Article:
# Understanding Cash Flow Diagram

Now that we have understood the components of TVM (Click HERE to learn about the components of TVM), when dealing with some financial problems, it is best to describe via some series of a diagram, where it will help you to visualize the problem and shows all inflows and outflows of cash along a timeline.

Hence, a cash flow diagram allows you to graphically illustrate the timing of the cash (be it inflows of cash or outflows of cash). A cash flow diagram had a horizontal timeline subdivided into equal periods such as days, months or years. For each cash flow say some payment or receipt, will be plotted along this line at which it occurs whether at the beginning or at the end of the period. There can be positive cash flow where each is represented by arrows which extend upward or downward from the timeline with their bases at the proper positions along the timeline.

It is important to understand that funds that you receive, such as proceeds from a mortgage or withdrawals from a saving account are positive cash flows represented by arrows extending upward from the timeline with their bases at the appropriate positions along the timeline. While funds that you pay out such as savings deposits or lease payments are negative cash flows that are represented by arrows which extend downward from the line.  One helpful way to think about is a negative sign simply means money is flowing out of your pocket. A positive sign means money is flowing into your pocket. In short, if you have X (PV) amount in your savings account, that amount of money that you have now is a negative cash outflow where you will treat it as though you were just now depositing it into the account. It might seem confusing with the pointing or arrows, but as long as you understand what they represent, really it doesn’t matter how you draw your arrows.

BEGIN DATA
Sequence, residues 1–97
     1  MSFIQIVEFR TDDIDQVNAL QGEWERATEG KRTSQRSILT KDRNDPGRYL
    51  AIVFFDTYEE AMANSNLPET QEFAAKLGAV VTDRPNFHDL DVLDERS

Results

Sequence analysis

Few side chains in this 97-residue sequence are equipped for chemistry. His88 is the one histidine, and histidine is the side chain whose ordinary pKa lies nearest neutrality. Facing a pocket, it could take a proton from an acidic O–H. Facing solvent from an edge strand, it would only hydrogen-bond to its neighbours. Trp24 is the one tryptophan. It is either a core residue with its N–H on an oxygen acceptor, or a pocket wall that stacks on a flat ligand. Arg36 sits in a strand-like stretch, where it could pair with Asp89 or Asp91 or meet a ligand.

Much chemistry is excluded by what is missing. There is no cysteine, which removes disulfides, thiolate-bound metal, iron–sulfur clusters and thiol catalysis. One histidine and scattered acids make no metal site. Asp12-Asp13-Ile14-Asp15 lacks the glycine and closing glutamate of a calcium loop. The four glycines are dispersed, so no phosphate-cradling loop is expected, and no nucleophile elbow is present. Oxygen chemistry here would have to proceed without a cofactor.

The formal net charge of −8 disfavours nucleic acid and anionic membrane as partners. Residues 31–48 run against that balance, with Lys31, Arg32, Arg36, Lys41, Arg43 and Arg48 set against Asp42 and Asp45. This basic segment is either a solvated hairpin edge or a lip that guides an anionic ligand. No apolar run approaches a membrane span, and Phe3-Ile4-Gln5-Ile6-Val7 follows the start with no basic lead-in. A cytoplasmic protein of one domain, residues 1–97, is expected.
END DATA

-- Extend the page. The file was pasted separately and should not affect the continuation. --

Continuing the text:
We know that there are always two sides to a financial problem: a borrower and a lender; a buyer and a seller; an investor and an investment. You should keep in mind the dual nature of financial problems when drawing a cash flow diagram. From whose perspective will it be drawn? The example of a simple loan is shown below. From the borrower’s perspective, the transaction consists of a large cash inflow followed by a series of smaller cash outflows. While that situation is exactly reversed for the lender: Note that the amounts calculated (PV or FV, payment amount, interest rate, the number of periods) will be the same regardless of the perspective from which the cash flow diagram is drawn. It simply helps in understanding and describing the problem to be conscious of the perspective from which it is viewed. Hence, cash flow diagram’s purpose of depicting a complex financial problem as concisely and precisely as possible.

Continue to TVM in Mathematical Interpretation HERE.